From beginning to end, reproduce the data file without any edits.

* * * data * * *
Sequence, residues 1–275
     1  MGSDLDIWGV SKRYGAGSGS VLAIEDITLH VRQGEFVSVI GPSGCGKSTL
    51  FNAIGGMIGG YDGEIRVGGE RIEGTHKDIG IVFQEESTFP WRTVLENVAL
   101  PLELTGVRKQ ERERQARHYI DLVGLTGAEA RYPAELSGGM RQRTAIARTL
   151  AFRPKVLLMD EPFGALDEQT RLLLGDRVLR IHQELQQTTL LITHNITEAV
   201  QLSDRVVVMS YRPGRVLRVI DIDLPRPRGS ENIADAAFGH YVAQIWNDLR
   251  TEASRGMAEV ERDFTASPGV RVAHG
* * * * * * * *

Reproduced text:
Sequence, residues 1–275
     1  MGSDLDIWGV SKRYGAGSGS VLAIEDITLH VRQGEFVSVI GPSGCGKSTL
    51  FNAIGGMIGG YDGEIRVGGE RIEGTHKDIG IVFQEESTFP WRTVLENVAL
   101  PLELTGVRKQ ERERQARHYI DLVGLTGAEA RYPAELSGGM RQRTAIARTL
   151  AFRPKVLLMD EPFGALDEQT RLLLGDRVLR IHQELQQTTL LITHNITEAV
   201  QLSDRVVVMS YRPGRVLRVI DIDLPRPRGS ENIADAAFGH YVAQIWNDLR
   251  TEASRGMAEV ERDFTASPGV RVAHG